Q: What is the biblical way to study the Bible? Is there a difference between Scripture being the interpreter of itself and the hermeneutics of the “principle-based, historical-cultural” method? — Jim, from Canada
A: Jim, you have raised a very important question. Yes, there is a “biblical way to study,” meaning a way of studying the Bible that is “biblical,” based on what the Bible itself tells us about how to study it. As Seventh-day Adventists, we have always believed in letting the Bible be our guide and this topic is no different. The Bible is clear and direct in what it says, often too clear for some! As American author Mark Twain said, “It’s not the parts of the Bible I don’t understand that bother me. It’s the parts I do understand!”
If Scripture was easy enough for Timothy “from childhood” to understand (2 Timothy 3:15), then it is written for all of us, of all ages. The Bible is a wonderful book that is not bound to culture — that’s why it could be translated into hundreds, even thousands, of different languages and still be understood and able to lead people into God’s kingdom.
Jesus is our example in how to study the Bible. He explained to the disciples on the road to Emmaus “in all the Scriptures the things concerning Himself” (Luke 24:27). That means all Scripture is vital for us and has important instruction for us (2 Timothy 3:16-17). As Jesus said, quoting the Old Testament, “Man shall not live by bread alone but by every word that proceeds from the mouth of God” (Matthew 4:4).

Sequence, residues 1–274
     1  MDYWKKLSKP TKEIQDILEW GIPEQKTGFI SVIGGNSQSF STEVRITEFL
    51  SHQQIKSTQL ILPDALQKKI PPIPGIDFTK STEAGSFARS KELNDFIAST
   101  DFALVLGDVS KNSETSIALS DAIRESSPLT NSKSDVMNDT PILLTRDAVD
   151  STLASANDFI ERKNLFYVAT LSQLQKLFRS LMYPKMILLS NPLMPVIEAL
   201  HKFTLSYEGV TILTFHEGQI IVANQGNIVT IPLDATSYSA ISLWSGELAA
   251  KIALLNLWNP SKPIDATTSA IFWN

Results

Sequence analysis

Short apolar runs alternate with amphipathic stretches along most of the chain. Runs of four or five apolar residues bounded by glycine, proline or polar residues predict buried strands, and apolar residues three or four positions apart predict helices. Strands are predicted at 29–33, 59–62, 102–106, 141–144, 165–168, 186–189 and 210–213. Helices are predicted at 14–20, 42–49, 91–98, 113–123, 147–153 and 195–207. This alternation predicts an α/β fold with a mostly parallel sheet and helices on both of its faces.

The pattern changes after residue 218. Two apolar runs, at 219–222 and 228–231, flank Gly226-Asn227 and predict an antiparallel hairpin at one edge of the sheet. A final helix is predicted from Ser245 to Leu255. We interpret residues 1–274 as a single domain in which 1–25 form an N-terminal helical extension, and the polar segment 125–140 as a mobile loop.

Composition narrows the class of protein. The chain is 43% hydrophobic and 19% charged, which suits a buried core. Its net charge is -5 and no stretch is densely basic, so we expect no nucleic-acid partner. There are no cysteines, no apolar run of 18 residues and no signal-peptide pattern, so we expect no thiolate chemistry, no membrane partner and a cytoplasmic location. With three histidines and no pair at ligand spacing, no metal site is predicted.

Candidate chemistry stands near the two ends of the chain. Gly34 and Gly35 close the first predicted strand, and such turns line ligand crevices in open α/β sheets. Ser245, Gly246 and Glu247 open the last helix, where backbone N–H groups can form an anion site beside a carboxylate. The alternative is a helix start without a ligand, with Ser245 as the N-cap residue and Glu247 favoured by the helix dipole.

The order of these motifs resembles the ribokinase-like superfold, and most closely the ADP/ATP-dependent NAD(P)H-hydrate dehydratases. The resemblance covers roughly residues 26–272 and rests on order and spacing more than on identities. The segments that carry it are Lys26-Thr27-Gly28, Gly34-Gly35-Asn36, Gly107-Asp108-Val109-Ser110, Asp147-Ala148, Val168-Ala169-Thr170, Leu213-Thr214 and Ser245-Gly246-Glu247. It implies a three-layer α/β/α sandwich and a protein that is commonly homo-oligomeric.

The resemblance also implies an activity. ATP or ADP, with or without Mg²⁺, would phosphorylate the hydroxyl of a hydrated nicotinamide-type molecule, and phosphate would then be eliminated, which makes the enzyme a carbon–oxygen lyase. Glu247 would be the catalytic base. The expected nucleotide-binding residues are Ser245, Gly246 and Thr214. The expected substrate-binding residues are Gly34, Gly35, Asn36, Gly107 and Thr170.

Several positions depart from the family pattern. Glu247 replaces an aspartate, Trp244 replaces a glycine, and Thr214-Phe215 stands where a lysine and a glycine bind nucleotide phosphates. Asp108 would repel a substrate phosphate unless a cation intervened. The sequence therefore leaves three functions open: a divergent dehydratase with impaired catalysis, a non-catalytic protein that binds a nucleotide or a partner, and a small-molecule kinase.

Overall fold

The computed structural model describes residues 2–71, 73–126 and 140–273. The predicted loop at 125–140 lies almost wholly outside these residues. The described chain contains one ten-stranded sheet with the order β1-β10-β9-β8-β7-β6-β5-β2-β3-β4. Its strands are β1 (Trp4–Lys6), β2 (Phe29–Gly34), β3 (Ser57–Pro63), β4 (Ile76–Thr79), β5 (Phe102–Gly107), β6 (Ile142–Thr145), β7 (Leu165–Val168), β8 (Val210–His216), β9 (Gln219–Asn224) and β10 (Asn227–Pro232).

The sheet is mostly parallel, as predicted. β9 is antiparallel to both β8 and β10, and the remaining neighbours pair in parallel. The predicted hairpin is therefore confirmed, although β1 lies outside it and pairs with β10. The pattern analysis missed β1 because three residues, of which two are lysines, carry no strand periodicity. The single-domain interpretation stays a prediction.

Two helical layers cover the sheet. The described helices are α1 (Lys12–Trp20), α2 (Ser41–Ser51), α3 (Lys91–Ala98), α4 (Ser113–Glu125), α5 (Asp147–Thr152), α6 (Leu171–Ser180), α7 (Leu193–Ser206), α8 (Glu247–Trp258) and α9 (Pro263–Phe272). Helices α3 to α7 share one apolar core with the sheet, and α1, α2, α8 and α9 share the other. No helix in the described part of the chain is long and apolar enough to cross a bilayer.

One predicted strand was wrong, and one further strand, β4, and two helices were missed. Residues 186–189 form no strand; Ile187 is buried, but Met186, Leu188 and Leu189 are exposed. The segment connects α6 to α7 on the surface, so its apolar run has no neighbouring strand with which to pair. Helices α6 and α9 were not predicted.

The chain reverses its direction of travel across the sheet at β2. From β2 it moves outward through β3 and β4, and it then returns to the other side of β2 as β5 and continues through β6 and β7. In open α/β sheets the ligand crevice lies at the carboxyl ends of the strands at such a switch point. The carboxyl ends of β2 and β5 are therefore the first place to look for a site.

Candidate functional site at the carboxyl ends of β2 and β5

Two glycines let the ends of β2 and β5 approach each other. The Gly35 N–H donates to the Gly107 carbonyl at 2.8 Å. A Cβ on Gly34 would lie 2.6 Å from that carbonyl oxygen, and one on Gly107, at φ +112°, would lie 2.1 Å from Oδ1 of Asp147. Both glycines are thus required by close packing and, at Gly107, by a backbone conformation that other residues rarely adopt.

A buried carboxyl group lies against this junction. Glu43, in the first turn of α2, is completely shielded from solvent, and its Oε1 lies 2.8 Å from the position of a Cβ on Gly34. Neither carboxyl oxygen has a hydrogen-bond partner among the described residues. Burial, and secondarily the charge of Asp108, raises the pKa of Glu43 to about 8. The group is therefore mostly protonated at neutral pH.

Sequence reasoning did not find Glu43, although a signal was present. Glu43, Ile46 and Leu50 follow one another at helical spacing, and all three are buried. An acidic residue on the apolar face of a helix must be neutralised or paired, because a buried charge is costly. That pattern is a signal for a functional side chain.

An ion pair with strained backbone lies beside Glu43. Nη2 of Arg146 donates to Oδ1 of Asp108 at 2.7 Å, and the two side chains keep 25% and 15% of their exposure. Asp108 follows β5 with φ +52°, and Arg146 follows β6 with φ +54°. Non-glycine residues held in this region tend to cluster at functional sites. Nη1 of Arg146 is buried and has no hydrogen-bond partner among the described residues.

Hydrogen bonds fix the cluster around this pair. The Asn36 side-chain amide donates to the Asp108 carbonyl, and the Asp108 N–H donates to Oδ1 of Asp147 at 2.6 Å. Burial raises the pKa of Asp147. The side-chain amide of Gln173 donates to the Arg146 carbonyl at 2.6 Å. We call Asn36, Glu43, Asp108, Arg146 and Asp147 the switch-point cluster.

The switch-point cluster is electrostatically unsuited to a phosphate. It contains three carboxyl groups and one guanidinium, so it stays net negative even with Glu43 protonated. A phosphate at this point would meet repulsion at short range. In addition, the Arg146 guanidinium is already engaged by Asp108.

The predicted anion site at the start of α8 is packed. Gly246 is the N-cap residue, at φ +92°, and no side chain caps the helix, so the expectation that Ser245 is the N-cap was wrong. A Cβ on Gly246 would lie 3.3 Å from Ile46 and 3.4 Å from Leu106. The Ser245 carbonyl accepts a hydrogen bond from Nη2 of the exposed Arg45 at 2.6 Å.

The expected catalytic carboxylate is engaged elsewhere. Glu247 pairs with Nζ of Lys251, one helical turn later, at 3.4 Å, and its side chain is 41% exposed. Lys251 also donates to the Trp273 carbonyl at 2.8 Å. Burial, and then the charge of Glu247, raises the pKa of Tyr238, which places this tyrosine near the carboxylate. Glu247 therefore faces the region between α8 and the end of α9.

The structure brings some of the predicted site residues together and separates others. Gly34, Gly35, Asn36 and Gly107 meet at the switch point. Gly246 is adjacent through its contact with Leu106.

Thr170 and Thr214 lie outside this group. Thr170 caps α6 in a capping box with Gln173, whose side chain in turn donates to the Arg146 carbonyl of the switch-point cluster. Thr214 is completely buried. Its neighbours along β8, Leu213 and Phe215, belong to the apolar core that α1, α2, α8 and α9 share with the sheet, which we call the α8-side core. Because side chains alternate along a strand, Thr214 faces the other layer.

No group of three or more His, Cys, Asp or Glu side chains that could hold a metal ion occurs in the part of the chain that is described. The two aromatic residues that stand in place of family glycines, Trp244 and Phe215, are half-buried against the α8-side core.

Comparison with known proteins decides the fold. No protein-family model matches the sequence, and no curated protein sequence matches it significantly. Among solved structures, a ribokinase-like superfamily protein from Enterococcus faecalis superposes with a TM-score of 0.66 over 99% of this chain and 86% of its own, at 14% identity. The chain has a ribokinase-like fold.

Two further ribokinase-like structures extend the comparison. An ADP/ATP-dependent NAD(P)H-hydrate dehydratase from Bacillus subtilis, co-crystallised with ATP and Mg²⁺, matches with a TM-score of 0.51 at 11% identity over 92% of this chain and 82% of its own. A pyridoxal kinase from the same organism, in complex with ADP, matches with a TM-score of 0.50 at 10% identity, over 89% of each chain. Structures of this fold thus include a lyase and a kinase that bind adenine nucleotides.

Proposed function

We too can study “every word that proceeds from the mouth of God” by taking a concordance or Bible software and searching on words and topics that we want to know more about. Some Bibles have a very helpful feature for study — marginal references linked to a given verse that point us to other passages on the same topic. We let the Bible interpret itself by finding other passages in the Bible on the same topic that can help us understand the subject more clearly and more fully.
The “principle-based, historical-cultural method” is a particular approach introduced a few years ago which has not been endorsed by the General Conference Biblical Research Institute nor voted on by the General Conference Executive Committee.
However, the excellent process of Bible study that has been approved by the world church and voted on at the 1986 Annual Council is our global church’s very helpful and official method of Bible study described in the “Methods of Bible Study” document. This carefully reviewed and approved method of Bible study allows the Bible to be its own interpreter, not the individual or culture. If we do not use this approved “historical-biblical” method in our study and review of scripture, as outlined in the “Methods of Bible Study” document, then we run the risk that comes from allowing any viewpoint or approach to be used to determine the meaning of the text rather than letting the Bible interpret itself.
This is in fact what is happening today, not just in our church but in the larger Christian world. Christians who identify as gay, use their viewpoint to interpret Scripture to justify the homosexual lifestyle. Those who believe in naturalistic evolution of life over millions of years, use the scientific viewpoint to guide their interpretation of Genesis 1 and 2. Many other examples could be given.
The bottom line is that the Bible, the whole Bible, is still relevant — and, in fact, it is more relevant and increasingly relevant to us today because we live in the time of the end just before Jesus comes.
To learn more about how to study the Bible, I recommend reading the “Methods of Bible Study” document voted by the world church’s executive committee.